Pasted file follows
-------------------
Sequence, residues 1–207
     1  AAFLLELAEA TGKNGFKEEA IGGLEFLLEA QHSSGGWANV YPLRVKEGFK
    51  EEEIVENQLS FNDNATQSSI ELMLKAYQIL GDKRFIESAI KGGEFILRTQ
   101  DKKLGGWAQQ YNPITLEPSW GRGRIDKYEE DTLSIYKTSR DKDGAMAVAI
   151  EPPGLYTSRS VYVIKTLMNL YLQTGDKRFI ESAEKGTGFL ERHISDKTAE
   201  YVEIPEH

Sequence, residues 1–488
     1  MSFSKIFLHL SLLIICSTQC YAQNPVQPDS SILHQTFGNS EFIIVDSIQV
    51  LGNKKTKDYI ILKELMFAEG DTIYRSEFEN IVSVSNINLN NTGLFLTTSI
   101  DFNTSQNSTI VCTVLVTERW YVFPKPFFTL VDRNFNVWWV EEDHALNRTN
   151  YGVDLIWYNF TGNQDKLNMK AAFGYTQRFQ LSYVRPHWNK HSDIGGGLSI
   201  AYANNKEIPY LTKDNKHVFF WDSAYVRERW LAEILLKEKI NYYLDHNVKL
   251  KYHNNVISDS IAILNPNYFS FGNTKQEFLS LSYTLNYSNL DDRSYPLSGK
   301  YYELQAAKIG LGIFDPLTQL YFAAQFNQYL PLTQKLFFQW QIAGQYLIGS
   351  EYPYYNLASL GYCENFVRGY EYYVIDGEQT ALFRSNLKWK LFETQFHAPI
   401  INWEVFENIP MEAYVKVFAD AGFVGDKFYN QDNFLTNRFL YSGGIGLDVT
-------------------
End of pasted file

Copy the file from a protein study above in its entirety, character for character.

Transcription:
Sequence, residues 1–207
     1  AAFLLELAEA TGKNGFKEEA IGGLEFLLEA QHSSGGWANV YPLRVKEGFK
    51  EEEIVENQLS FNDNATQSSI ELMLKAYQIL GDKRFIESAI KGGEFILRTQ
   101  DKKLGGWAQQ YNPITLEPSW GRGRIDKYEE DTLSIYKTSR DKDGAMAVAI
   151  EPPGLYTSRS VYVIKTLMNL YLQTGDKRFI ESAEKGTGFL ERHISDKTAE
   201  YVEIPEH

Sequence, residues 1–488
     1  MSFSKIFLHL SLLIICSTQC YAQNPVQPDS SILHQTFGNS EFIIVDSIQV
    51  LGNKKTKDYI ILKELMFAEG DTIYRSEFEN IVSVSNINLN NTGLFLTTSI
   101  DFNTSQNSTI VCTVLVTERW YVFPKPFFTL VDRNFNVWWV EEDHALNRTN
   151  YGVDLIWYNF TGNQDKLNMK AAFGYTQRFQ LSYVRPHWNK HSDIGGGLSI
   201  AYANNKEIPY LTKDNKHVFF WDSAYVRERW LAEILLKEKI NYYLDHNVKL
   251  KYHNNVISDS IAILNPNYFS FGNTKQEFLS LSYTLNYSNL DDRSYPLSGK
   301  YYELQAAKIG LGIFDPLTQL YFAAQFNQYL PLTQKLFFQW QIAGQYLIGS
   351  EYPYYNLASL GYCENFVRGY EYYVIDGEQT ALFRSNLKWK LFETQFHAPI
   401  INWEVFENIP MEAYVKVFAD AGFVGDKFYN QDNFLTNRFL YSGGIGLDVT